Based on data through 0500 UTC February 08 2016.

At 700 pm HST, satellite imagery showed the cold front that moved through the island chain over the past 24 hrs now east of the Big Island stretching south and southwest from 30°N 146°W to just east of the Big Island, then southwest to 14°N 162°W. Broken to overcast layered clouds were located north and northeast of 23°N along a cloud band associated with this front. Elsewhere, a band of mostly low- level cumulus clouds was depicted, which was beginning to break up and scatter out toward the southern end of the band or south and southeast of the Big Island. A gradual motion toward the east was depicted with this band over the past few hours.

Scattered low-level cumulus clouds were shown tracking south over the main Hawaiian islands in the wake of the aforementioned frontal boundary. However, broken to overcast patches of low clouds toward the back edge of the frontal cloud band continued to impact the islands from Maui to the Big Island, especially over the adjacent coastal waters north and east of Hana and the Hamakua coast. Cloud tops extended to 10 to 12 thousand feet with these clouds.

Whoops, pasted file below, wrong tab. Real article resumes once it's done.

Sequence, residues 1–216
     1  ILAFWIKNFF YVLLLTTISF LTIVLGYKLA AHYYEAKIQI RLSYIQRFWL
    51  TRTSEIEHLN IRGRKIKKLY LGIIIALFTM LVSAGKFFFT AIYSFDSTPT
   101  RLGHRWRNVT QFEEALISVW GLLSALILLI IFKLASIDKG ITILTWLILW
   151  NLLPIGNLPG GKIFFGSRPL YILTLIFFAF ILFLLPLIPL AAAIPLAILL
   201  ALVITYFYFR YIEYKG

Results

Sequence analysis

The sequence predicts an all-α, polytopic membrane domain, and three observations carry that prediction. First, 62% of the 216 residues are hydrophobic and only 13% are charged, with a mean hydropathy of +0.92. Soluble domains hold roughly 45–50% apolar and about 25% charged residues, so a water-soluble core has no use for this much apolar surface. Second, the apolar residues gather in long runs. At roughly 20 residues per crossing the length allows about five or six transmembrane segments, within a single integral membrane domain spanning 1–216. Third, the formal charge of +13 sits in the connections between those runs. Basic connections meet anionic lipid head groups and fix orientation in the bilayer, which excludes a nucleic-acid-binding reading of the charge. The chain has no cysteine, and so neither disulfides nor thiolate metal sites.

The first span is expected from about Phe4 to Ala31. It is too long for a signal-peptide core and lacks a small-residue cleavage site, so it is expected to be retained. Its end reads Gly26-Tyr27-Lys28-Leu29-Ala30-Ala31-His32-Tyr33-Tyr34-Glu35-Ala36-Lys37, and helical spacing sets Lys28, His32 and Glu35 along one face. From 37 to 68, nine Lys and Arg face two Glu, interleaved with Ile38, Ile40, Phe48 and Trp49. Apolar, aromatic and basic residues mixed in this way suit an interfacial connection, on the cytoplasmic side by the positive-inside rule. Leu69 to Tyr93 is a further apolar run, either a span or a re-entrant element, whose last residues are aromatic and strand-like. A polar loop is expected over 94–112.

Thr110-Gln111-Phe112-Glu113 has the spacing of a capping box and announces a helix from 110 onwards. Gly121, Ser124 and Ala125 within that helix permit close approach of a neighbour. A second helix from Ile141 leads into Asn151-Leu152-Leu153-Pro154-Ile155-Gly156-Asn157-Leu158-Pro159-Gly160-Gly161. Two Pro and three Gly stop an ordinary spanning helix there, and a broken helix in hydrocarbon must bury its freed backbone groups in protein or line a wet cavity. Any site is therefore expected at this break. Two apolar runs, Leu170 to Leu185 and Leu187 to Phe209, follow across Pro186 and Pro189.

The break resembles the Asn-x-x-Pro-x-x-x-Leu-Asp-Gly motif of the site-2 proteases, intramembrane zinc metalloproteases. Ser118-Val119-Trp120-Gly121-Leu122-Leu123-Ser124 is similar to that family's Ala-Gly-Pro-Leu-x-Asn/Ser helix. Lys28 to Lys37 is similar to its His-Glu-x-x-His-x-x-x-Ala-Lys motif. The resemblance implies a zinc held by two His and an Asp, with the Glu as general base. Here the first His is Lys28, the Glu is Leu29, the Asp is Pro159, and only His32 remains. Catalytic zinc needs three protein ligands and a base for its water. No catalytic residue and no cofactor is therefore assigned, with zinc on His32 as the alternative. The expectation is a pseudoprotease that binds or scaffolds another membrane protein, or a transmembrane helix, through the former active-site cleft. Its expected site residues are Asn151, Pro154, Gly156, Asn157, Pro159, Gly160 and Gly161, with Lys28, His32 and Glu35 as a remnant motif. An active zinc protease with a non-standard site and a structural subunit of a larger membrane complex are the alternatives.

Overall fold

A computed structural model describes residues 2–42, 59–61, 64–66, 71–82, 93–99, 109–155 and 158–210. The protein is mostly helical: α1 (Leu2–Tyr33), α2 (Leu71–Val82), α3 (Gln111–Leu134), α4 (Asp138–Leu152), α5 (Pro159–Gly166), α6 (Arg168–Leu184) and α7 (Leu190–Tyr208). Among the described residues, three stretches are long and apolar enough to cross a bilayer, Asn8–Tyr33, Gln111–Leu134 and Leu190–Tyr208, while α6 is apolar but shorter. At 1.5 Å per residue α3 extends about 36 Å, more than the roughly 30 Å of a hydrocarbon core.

Scattered to broken cumulus clouds were depicted west of the previously discussed frontal boundary and north of the main Hawaiian islands between 25°N and 30°N from 149°W to 160°W. These clouds were tracking southeast at 30 to 40 mph. A few thunderstorms were depicted within this area near 30°N from 150°W to 155°W with cloud tops to 30 thousand feet.

Scattered to numerous thunderstorms were located well south of the state near and along the ITCZ between the equator and 6°N from 140°W to the date line. Debris or scattered high clouds associated with these storms were shown lifting northward and eastward between 7°N and 13°N. Maximum cloud tops associated with these storms extended to 58 thousand feet. A gradual motion toward the west was depicted.

Hawaii Infrared Satellite image for 0500 UTC
Central Pacific Infrared Satellite image for 0500 UTC


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